Could your investments go up in smoke?

31 January 2020

6 minute read

By Damian Payiatakis, London UK, Head of Impact Investing

As the frequency of extreme weather events rises and global temperatures climb, it’s time to appreciate the physical risks of climate change for your investments.

With the start of the year, wildfires in Australia have led to countless animal deaths, people fleeing from blazes into the ocean and skies darkened by smoke. It highlights how climate change is exacerbating the extent and severity of natural catastrophes.

The effects of the Australian fires have not yet been fully costed or assessed. But, in the three months to 7 January, insurers received more than six times the annual average number of claims received over the prior five years1. By comparison, Californian utility group Pacific Gas and Electric, which was an A- rated credit in 2017, was the first company to declare bankruptcy, in 2019, pointing to climate change’s effects in respect of the state’s Camp Fire wildfires seen in 2018.

Physical effects from climate change have severe implications for communities, companies and investors. In our Outlook 2020, we highlighted the value of starting to position portfolios for the implications of climate change. To help that process, we now look at the physical risks that climate change produces.

More frequent and severe weather

Weather has always been variable. Extreme weather events have occurred in the past. Yet, these events are becoming more frequent and intense with climate change (see chart).

natural disasters chart

Physical effects of climate change are driven by the increase in average temperatures along with change in global and local weather patterns. Their impact can be through acute weather events (such as stronger hurricanes due to warmer oceans) or “chronic” longer term changes to trend (for instance, rising sea levels due to a combination of thermal expansion and the melting of land ice). In combination, they can be particularly devastating.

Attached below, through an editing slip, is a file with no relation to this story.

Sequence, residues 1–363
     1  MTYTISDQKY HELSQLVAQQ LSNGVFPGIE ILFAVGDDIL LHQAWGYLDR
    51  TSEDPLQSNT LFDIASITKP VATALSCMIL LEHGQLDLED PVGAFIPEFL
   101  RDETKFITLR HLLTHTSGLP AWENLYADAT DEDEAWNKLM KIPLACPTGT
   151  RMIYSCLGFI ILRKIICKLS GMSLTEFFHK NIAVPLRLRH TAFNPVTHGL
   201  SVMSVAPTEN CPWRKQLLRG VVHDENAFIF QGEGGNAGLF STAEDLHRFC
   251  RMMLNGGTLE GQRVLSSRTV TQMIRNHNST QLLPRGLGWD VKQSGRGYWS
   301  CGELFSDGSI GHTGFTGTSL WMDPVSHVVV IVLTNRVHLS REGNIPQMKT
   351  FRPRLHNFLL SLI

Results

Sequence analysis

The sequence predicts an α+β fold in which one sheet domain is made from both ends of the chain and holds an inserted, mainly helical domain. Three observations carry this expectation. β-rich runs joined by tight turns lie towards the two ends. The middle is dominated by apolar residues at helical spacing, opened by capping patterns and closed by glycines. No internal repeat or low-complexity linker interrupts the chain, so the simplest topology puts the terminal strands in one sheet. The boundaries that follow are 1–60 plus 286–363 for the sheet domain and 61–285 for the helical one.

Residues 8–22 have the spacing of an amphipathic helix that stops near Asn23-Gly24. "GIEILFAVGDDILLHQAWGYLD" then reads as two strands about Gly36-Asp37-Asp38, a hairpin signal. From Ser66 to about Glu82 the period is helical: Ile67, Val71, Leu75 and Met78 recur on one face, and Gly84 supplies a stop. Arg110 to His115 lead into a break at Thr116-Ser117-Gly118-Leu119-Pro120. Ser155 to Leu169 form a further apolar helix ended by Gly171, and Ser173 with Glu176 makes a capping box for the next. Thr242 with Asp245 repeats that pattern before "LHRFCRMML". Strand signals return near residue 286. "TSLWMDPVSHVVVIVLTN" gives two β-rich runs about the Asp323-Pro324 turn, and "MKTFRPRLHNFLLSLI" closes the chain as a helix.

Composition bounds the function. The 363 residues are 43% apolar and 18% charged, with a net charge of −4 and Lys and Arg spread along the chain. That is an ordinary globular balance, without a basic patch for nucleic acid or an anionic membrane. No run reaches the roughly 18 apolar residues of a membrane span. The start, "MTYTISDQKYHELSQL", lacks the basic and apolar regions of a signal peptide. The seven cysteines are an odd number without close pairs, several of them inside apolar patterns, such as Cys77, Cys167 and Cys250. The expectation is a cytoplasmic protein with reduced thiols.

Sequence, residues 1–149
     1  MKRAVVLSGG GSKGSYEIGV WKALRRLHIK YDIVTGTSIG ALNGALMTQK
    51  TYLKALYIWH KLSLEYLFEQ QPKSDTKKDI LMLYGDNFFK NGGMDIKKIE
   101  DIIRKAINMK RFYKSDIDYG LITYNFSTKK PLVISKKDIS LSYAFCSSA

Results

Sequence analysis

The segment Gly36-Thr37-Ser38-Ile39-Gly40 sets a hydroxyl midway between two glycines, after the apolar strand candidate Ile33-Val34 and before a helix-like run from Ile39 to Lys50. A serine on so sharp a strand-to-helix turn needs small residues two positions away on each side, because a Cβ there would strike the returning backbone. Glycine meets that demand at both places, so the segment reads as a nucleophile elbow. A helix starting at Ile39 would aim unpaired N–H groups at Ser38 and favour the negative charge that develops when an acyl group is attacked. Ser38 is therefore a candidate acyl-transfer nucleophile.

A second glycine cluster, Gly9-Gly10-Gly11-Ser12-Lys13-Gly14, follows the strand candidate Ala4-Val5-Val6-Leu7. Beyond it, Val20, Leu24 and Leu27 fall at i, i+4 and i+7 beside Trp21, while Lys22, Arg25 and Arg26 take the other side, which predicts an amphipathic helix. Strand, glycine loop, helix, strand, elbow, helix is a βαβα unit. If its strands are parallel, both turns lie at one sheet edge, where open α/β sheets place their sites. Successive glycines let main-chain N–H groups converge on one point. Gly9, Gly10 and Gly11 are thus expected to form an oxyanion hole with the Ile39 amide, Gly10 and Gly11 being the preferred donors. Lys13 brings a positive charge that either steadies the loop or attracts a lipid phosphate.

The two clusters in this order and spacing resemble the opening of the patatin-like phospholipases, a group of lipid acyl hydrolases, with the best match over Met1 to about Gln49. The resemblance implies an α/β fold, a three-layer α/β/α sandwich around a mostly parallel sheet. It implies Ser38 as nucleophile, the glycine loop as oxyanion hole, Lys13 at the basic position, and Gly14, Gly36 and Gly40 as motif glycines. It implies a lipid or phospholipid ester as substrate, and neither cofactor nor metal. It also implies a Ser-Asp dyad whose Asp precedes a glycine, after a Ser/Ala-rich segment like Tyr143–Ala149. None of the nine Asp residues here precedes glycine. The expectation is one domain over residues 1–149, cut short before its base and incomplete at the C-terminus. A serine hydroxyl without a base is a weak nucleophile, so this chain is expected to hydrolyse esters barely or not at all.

When listed, the range of weather events sounds apocalyptic — storms, heatwaves, droughts, rising sea levels, flooding or ocean acidification. However, the sad reality is that we are experiencing such events today, and with increasing regularity.

Implications of physical risks for companies

With increases in both acute and chronic physical effects, their potential materiality and cost increases too. The Task Force on Climate Related Financial Disclosures highlights potential financial impacts of physical risks to include2:

  • Reduced revenue from decreased production capacity (for instance, transport difficulties, supply chain interruptions)
  • Reduced revenue and higher costs from negative impacts on the workforce (such as health, safety, absenteeism)
  • Write-offs and early retirement of existing assets (for instance, damage to property and assets in “high-risk” locations)
  • Increased operating costs (say, inadequate water supply for hydroelectric plants or to cool nuclear and fossil fuel plants)
  • Increased capital costs
  • Reduced revenues from lower sales/output
  • Increased premiums and potentially reduced availability of insurance on assets in “high-risk” locations

Assessing whether the above financial impacts will occur depends on the likelihood of primary physical risks and then any secondary implications. Primary physical risks cause direct damage to assets (such as land, buildings, stock and infrastructure) due to the physical effects of climate-related events.

Secondary physical risks arise as climate change generates more indirect risks that affect supply chains and extended value chains. For example, availability of key resources, like water, sourcing and quality of raw materials, or rising costs of assets and commodities. In the extreme, extended physical damage in a country or region can produce conflict and mass migration due to food and resource scarcity.

All sectors of the economy face both types of risks from the physical effects of climate change. The chance, and consequences, of any particular risk and impact will vary by sector, company, and location. The table below summarises some of the physical climate impacts and their effects on a company’s value chain.